Clifford Rieders

Salvation through ironing

There are very few people who would claim that their salvation was in ironing.  In fact, for me, it is even a stranger statement but nevertheless there is some truth to it.

Ironing is not something that was native to my disposition.  As a child, my father took our laundry to his friend, Abe Grossman.  What I most liked about Abe was his pretty daughter, a few years older than me.

My mother worked outside of the home and her cleaning lady, Lillian, took it upon herself to teach me how to iron.  “Every young man should know how to iron his own shirts.”  Lillian was so passionate about ironing that she even taught me how to iron undershirts and – can you believe it – underwear?

Time went on, and I ironed my way through college, law school, and my clerkship with Judge Muir.  I even had the great privilege of teaching Judge Muir how to iron his shirt using a bed as an ironing board when we traveled for court to Scranton, and to fold his shirts properly.  I have a feeling that this lesson never stuck with him.

I ironed and ironed, until I got married; and then suddenly, the ironing stopped.  I do not remember if my wife just did not like to iron or rather whether she was happier with the work performed by the Faxon Dry Cleaners.

Ironing suddenly left my life, and I moved on to bigger and better things.

I never really thought about ironing; okay, maybe once or twice when I was stuck somewhere while traveling; but I certainly did not think much about it.

Here we are, in Bat Galim, Israel.  We came here for the birth of our third grandson on March 7th, Noam Mahir, and thanks to El-Al canceling our flights, we are now residing in a lovely old apartment in a mildly dingy part of town very close to the Mediterranean seashore.  If we were allowed to walk more than 100 meters from our apartment, this would really be a great place to be as the weather changes to a warm spring.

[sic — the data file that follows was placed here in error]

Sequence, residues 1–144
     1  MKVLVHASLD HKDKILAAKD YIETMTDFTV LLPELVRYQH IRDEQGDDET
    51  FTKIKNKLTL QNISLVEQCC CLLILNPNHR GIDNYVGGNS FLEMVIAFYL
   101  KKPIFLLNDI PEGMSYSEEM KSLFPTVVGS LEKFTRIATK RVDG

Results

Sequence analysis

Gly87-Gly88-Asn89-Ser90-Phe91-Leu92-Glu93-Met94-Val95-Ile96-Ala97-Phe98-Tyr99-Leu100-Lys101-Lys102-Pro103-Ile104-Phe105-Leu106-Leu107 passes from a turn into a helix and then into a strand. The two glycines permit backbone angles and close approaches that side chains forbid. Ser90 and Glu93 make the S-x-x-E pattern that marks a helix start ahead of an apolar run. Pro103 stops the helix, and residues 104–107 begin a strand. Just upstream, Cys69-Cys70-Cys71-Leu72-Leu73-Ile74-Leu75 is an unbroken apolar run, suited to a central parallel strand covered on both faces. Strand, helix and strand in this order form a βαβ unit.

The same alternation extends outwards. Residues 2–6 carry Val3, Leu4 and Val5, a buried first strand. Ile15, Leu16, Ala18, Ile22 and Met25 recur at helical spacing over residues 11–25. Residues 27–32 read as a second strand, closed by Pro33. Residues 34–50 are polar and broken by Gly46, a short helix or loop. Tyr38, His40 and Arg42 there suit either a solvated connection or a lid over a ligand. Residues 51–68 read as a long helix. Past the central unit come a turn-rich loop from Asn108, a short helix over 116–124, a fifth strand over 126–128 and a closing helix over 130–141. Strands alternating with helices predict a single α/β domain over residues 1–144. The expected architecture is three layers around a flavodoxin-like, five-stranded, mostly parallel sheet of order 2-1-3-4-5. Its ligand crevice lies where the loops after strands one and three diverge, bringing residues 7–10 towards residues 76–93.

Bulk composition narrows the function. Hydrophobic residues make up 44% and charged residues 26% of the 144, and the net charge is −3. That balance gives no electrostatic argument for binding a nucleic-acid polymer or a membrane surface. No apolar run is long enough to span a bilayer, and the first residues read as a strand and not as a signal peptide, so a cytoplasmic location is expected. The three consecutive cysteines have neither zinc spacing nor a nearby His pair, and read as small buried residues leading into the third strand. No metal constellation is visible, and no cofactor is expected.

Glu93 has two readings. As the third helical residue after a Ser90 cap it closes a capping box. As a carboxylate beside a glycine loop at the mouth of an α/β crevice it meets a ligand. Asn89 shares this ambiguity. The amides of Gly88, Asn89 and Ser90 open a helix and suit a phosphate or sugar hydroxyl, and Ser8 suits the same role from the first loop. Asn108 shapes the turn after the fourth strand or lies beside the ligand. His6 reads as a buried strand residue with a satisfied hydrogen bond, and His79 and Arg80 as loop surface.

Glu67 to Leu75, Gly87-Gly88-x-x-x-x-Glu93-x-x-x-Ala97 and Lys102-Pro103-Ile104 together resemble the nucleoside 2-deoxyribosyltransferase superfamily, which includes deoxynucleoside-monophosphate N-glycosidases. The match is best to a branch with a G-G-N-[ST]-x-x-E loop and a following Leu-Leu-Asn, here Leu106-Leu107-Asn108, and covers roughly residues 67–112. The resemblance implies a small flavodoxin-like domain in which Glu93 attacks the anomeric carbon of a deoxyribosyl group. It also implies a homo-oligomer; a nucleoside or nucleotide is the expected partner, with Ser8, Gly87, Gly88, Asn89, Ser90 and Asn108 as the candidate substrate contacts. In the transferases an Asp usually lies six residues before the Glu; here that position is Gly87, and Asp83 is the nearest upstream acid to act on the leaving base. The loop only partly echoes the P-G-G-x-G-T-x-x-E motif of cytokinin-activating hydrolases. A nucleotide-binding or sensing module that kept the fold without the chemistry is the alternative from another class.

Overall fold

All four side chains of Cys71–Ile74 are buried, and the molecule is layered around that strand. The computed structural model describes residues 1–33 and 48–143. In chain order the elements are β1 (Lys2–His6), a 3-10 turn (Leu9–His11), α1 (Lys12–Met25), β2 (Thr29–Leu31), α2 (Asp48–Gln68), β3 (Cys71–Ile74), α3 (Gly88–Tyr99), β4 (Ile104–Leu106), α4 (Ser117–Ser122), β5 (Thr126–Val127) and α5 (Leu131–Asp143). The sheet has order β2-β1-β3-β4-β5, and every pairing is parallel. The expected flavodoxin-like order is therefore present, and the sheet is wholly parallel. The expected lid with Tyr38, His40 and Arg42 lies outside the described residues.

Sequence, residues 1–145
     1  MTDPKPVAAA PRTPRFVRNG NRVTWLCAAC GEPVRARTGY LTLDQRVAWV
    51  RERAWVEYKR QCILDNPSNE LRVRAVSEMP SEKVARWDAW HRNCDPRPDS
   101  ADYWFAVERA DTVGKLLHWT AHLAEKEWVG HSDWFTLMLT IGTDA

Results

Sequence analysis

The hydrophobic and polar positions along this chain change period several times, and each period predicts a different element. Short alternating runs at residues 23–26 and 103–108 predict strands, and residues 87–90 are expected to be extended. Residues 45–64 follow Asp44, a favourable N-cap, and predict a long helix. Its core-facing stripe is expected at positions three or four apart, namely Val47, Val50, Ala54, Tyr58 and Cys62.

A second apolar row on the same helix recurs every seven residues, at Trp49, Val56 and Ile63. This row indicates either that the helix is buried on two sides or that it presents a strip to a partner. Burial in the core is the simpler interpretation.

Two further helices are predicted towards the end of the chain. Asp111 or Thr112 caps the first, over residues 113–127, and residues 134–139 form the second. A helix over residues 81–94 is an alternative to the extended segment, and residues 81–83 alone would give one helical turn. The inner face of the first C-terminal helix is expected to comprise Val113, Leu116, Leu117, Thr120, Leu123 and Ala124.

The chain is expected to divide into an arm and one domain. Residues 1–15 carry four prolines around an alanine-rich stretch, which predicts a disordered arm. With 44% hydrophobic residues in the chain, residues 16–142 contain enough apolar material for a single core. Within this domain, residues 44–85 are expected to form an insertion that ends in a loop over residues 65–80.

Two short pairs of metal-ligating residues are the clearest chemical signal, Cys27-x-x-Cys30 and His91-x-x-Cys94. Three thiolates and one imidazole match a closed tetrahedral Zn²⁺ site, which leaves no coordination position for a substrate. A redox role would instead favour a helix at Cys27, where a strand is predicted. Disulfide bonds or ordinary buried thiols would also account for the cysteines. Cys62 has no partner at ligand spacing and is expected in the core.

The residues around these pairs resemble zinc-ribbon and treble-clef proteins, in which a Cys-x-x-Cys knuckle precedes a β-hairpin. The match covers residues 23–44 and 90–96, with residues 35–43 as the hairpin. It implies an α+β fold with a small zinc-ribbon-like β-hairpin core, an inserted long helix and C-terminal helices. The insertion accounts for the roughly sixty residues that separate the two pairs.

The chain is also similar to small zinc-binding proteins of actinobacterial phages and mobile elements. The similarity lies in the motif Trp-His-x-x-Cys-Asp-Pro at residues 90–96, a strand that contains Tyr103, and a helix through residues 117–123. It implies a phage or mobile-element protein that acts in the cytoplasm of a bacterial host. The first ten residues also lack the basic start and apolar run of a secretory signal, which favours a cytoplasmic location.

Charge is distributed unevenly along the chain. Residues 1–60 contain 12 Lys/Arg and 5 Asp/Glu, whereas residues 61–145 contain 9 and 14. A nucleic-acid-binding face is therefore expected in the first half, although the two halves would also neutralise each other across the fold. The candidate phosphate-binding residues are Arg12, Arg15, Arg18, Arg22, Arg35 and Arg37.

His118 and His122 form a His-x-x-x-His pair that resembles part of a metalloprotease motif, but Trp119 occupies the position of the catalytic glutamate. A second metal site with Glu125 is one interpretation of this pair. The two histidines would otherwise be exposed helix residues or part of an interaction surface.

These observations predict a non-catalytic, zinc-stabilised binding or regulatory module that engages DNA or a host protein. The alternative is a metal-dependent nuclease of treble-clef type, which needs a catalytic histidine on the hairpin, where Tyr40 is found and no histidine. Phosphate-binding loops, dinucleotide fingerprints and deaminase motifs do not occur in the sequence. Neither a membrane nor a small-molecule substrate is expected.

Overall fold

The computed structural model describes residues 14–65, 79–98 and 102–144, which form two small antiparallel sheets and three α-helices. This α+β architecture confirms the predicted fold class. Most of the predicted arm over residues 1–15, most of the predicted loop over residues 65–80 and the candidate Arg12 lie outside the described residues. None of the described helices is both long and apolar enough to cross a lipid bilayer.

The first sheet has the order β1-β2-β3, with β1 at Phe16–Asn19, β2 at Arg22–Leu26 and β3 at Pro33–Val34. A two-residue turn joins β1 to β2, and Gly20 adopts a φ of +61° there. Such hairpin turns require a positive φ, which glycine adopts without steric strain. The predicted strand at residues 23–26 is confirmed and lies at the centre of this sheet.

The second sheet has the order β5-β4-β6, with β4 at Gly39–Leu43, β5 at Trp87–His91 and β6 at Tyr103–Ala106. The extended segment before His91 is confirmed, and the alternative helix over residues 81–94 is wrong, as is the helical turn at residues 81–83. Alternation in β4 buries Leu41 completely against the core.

I have managed to keep myself busy by working remotely and trying to figure out the damn computers, servers and other paraphernalia that works less well than it should.  As someone once told me, “the tyranny of inanimate objects” is the only thing that will ever drive you crazy.  Well, a few other things have driven me crazy, but the tyranny of inanimate objects is definitely one of them.

What does that have to do with ironing?  While strolling around the apartment one day looking for things to do, I found an old plastic ironing board covered with a bare scrap of material and a very nice-looking Braun iron, a TexStyle 7, to be exact.

I took my dress shirts that I wore to Synagogue, when we were permitted to go to religious services a few weeks ago, and I threw the shirts into the 50-year-old 5kg washing machine.  For those who do not know, this is about one-quarter the size of our washing machines in the States and it sounds more like a Model-T Ford firing up than any kind of washing machine.  Very few people have dryers here, and clotheslines are still in vogue.  I remember my mother having clotheslines, delightfully abandoned when dryers were invented.

I took my shirts off the outdoor drying rack, and I ironed them.  I was shocked how well I remembered the technique for ironing shirts.  They actually looked pretty good.  Well, after that I went berserk.  I started ironing everything I could find.  I ironed my work shirts, undershirts, and well, I ironed other things that I will not talk about in this little essay.